The computer vision system outputs a foreground/background distinction (also referred to as a vision image) that corresponds to the camera input image. Each pixel in this image is capable of assuming one of two values: one value for foreground and another value for background. This pixel's value represents whether the vision system determines the pixel with the same position in the camera input image is foreground or background. In one exemplary embodiment, the foreground/background distinction image is an 8-bit grayscale image, with a pixel value of “0” for background and a pixel value of “255” for foreground. In some embodiments, the vision image may have gradated values representing probabilistic foreground/background assessments or other methods of representing vision information. Other implementations may represent foreground/background distinction using different techniques. In each case, the objective of the foreground/background distinction processing for the vision image is to generate a data structure that indicates the position and shape of input objects (e.g., people etc.) with interactive space.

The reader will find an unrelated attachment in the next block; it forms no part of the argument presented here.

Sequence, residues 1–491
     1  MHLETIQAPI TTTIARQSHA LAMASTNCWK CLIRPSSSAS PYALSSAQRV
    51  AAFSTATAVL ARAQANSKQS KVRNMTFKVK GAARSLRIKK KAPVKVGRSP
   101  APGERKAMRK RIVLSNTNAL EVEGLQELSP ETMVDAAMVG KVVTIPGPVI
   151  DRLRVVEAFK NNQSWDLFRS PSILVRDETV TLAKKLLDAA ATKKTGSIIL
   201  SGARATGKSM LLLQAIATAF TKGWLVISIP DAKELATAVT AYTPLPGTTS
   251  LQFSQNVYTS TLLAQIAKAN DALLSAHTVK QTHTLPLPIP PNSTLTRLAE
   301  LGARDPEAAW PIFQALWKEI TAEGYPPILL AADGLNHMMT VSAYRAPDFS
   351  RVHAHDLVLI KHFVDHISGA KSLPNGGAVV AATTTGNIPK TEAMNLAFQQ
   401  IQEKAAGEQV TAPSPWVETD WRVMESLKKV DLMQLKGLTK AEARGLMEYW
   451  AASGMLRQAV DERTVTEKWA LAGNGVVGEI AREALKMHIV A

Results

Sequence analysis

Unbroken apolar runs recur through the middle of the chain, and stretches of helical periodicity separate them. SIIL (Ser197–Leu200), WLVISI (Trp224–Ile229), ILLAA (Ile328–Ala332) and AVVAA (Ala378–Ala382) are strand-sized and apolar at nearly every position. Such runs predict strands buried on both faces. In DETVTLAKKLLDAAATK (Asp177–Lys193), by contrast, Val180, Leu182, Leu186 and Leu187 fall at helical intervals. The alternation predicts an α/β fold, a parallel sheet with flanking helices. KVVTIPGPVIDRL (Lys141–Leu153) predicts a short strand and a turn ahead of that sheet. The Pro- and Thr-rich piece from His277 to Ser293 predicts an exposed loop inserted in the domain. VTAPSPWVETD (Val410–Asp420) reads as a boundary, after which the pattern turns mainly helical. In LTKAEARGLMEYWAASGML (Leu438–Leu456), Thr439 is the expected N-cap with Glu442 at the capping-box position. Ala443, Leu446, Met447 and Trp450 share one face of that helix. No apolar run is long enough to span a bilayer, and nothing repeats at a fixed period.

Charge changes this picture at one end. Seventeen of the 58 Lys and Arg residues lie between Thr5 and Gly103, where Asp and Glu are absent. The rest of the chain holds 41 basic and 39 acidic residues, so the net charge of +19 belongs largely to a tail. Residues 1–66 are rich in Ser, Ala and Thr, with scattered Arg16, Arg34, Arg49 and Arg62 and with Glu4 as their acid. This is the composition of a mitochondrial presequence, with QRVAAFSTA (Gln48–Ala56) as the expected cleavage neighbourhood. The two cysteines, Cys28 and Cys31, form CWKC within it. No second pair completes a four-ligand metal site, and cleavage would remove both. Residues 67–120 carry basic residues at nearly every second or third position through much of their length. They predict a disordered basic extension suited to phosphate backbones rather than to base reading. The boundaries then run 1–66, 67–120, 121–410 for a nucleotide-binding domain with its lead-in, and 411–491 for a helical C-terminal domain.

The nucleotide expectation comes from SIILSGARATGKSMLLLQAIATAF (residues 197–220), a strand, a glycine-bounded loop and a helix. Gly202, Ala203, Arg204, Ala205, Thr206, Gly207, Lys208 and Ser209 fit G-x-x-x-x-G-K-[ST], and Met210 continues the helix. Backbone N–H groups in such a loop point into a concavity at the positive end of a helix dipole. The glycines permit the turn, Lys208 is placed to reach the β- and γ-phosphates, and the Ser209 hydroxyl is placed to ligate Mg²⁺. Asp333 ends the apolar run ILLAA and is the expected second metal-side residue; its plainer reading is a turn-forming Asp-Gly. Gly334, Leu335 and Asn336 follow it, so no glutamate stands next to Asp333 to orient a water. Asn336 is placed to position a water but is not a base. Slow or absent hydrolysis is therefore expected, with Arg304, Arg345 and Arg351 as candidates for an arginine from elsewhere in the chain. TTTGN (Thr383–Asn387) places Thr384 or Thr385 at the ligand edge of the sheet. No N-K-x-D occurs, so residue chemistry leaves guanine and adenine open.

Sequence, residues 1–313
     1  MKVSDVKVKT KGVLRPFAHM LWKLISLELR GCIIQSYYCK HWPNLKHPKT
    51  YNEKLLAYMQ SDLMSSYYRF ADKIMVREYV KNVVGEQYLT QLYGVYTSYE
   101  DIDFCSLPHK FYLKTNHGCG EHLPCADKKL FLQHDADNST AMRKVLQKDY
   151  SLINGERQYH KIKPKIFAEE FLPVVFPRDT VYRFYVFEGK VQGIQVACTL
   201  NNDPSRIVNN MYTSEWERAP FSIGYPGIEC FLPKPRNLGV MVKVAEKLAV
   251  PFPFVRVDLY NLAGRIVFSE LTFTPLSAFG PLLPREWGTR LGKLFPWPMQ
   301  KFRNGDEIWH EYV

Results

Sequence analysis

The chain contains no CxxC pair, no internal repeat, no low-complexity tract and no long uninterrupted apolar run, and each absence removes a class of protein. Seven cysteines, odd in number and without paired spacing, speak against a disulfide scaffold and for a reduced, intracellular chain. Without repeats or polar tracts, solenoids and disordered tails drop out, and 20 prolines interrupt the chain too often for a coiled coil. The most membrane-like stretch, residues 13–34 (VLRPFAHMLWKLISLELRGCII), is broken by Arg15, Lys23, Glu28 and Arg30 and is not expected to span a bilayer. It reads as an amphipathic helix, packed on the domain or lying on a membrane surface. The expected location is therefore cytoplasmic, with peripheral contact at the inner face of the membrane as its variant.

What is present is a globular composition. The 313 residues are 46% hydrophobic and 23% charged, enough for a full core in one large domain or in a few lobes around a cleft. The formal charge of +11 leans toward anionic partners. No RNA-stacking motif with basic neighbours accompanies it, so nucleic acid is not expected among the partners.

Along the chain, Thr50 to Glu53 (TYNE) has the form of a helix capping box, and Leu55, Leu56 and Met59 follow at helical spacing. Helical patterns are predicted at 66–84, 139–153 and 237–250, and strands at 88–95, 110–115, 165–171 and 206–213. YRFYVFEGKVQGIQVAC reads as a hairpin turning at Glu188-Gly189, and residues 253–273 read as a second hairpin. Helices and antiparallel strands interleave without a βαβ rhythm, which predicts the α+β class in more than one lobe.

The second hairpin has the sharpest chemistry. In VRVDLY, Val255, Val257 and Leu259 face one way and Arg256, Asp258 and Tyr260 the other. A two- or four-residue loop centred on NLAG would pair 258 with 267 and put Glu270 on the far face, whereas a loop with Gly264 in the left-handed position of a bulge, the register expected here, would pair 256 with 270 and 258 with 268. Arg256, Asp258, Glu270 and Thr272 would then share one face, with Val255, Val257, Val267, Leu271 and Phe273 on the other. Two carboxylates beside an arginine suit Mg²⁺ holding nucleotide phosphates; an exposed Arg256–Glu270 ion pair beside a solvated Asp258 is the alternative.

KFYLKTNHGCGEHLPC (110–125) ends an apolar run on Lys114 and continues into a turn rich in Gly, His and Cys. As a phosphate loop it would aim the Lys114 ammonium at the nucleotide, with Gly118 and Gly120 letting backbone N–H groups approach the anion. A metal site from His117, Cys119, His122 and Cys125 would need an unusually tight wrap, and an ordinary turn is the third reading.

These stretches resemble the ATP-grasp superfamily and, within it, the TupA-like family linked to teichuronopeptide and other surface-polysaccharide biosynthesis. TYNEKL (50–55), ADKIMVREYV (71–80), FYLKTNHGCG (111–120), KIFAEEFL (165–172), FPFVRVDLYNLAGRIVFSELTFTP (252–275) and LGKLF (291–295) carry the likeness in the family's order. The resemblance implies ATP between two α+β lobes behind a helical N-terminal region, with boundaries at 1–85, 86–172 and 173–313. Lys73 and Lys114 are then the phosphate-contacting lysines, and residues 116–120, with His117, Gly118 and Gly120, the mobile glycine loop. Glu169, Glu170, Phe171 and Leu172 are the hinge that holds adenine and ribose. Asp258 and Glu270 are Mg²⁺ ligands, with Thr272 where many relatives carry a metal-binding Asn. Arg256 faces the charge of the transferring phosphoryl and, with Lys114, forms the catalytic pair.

The camera input image may be preprocessed before being input into the vision system. For example, the image may be blurred slightly to reduce noise or gamma corrected to increase or decrease the vision system's sensitivity to dark or light areas. In many cases, the camera input image may be cropped, linearly transformed, or otherwise calibrated. Other well-known ways and/or methods to preprocess the camera input image could also be used. In one embodiment of the invention, the resolution is decreased to save time for processing the image. In addition, if a pixel is determined to not be like the feature being detected, it can usually be assumed that neighboring pixels are not like the feature being detected.

Alternatively, the feature matching system may only be run on pixels that fall on the border between a foreground area and a background area on the vision image. In one embodiment of the invention, the feature being detected is a tip, e.g., a finger tip.

It is appreciated that the term “tip” has been used for illustrative purposes only. It is appreciated that embodiments of the present invention can be used to detect the location and orientation of any feature of foreground objects of an interactive video display system. The foreground object can be a user or any object held or manipulated by a user of the interactive video display system. For example, the feature being detected may be the shape formed by two arms crossing in an “X” shape. Or, the feature may correspond to two user's hands reaching toward each other but not touching. The feature detector can detect any feature of the vision image viewable by the camera.